A note of caution for leasehold owners

December 30, 2012

Landlord Information

A recent news article* has highlighted yet again some of the issues that might be associated with leasehold properties.

In the report in question, the freeholder appears to have made staggeringly high charges simply for providing a letter of consent relating to renovations and improvements to some of the leasehold properties concerned.

Whether or not such instances are more commonplace than is currently believed is perhaps open to debate, however, what is not disputable is the need to fully understand all of the conditions associated with the respective rights of you, as a leaseholder, versus those of the freeholder.

If surprises arise, the result might be, as in this case, very expensive.

Although your solicitors will typically provide appropriate guidance relating to the lease you are purchasing, it is important to clarify yourself through direct questions, issues relating to residual freeholder rights and the financial consequences that might arise for you as a result.

Occasionally, landlords can become a little too focused on the property and commercial opportunities it offers rather than the liabilities that it brings with it. Property is inevitably a risk and that is why it is important to obtain a suitable buy to let insurance quote in order to mitigate some of the financial aspects associated with that.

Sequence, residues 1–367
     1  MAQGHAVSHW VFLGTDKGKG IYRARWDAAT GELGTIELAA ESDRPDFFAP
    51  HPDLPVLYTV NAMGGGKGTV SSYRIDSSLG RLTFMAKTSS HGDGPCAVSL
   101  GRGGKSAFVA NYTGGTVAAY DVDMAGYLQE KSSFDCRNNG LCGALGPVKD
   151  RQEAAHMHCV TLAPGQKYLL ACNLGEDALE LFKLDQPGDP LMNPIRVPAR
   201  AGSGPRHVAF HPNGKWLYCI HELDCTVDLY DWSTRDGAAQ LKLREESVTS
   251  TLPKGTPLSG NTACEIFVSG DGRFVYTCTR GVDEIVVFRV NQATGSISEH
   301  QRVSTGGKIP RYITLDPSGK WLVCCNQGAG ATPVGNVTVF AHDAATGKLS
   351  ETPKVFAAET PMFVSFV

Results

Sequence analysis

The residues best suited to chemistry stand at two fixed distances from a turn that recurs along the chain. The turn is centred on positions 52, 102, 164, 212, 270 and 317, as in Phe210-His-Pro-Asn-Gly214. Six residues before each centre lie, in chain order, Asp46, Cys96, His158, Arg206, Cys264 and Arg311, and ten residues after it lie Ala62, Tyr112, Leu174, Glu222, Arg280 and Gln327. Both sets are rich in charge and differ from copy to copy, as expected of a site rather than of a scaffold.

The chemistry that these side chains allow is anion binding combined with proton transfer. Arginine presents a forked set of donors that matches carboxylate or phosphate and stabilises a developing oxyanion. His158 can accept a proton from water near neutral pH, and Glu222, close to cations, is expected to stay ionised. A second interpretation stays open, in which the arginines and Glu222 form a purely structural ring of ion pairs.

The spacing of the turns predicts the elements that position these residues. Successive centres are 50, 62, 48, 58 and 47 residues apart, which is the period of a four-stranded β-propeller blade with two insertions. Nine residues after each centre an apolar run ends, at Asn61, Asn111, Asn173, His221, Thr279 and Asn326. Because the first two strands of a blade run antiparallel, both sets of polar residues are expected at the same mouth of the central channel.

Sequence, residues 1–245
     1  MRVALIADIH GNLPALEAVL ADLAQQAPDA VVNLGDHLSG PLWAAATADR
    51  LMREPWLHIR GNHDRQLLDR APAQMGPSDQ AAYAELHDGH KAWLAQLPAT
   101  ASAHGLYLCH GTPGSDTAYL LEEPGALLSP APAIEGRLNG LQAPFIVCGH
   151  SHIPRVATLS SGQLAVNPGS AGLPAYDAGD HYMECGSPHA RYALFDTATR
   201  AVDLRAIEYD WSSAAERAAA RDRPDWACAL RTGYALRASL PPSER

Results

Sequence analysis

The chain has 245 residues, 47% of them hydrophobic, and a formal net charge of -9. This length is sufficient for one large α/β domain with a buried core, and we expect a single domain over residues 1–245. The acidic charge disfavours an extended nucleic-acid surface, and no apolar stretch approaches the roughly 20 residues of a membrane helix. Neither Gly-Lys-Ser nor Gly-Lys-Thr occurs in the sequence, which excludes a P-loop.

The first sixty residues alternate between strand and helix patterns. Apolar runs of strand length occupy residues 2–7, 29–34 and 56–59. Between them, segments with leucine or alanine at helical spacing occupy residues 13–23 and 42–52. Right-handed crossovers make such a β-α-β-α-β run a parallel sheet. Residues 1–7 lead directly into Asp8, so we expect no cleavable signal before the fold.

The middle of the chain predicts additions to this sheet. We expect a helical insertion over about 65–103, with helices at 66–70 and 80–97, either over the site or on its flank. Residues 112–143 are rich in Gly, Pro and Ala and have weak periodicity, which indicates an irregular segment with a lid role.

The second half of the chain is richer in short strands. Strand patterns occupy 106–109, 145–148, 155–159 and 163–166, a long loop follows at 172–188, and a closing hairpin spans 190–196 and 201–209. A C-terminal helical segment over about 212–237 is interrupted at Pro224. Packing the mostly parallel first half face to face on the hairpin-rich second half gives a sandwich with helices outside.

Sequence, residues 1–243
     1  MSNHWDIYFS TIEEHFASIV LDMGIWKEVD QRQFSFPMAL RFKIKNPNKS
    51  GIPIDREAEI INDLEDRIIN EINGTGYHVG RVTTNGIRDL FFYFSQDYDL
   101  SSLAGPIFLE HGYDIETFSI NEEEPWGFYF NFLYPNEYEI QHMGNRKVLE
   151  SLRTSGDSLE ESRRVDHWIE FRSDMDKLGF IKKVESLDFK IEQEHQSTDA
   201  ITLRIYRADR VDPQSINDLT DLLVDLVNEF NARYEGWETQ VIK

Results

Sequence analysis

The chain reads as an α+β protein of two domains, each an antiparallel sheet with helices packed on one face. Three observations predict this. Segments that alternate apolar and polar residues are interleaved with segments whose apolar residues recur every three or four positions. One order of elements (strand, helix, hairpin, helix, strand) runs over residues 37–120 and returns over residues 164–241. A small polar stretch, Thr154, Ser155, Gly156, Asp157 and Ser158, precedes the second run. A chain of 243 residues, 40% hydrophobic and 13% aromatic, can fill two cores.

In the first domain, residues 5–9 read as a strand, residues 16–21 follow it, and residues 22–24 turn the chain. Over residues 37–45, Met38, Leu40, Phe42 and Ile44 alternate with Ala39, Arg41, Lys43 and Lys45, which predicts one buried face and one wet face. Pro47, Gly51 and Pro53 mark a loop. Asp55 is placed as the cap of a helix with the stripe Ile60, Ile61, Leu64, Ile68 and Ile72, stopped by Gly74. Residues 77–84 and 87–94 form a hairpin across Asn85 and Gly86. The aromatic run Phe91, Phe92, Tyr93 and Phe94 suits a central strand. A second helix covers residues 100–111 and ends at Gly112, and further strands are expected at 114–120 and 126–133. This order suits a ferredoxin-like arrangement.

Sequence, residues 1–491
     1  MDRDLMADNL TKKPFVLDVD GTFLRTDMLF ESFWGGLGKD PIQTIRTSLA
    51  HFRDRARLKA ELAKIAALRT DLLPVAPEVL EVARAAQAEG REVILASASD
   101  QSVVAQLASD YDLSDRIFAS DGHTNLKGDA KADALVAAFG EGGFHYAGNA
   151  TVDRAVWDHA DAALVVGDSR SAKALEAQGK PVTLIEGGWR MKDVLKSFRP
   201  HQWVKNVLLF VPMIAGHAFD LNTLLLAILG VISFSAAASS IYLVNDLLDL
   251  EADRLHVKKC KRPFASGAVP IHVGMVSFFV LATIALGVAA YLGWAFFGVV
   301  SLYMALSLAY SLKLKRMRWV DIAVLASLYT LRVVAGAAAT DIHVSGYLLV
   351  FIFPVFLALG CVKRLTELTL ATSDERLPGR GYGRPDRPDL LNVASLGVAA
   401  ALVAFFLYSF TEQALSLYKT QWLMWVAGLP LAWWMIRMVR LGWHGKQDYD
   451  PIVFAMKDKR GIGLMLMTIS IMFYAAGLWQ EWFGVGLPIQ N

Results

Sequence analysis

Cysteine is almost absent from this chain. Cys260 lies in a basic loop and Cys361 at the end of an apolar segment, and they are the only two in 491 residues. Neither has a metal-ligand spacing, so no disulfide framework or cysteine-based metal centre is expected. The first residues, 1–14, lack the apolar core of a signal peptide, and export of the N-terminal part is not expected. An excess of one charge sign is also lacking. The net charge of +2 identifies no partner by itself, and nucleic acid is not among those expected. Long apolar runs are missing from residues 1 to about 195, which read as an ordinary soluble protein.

Of course, no landlords’ insurance policy is ever likely to reimburse you for charges you may have incurred from the freeholder!

Not only are potentially hidden freeholder rights important to understand but the very basic commercial issues associated with a leasehold need to be constantly at the forefront of your attention. Remember that the shorter the period of the residual lease is, the more difficult you may find it to sell the property on in due course.

In the particular case in question, the article suggests that the freeholders concerned started to behave responsibly only after the involvement of the BBC and a team of investigative journalists helped by the local residents’ association.

In other situations, without the help of a national media organisation behind you, you may find it rather difficult to obtain a sensible solution and discover that the letter of the deed law will be all that counts.

The moral of the tale for landlords is clear. Once more, make sure that you and your solicitor have fully studied all of the implications associated with a leasehold property before you decide that it is right for you.

It just might help avoid you needing to make calls asking for the media’s assistance in future!





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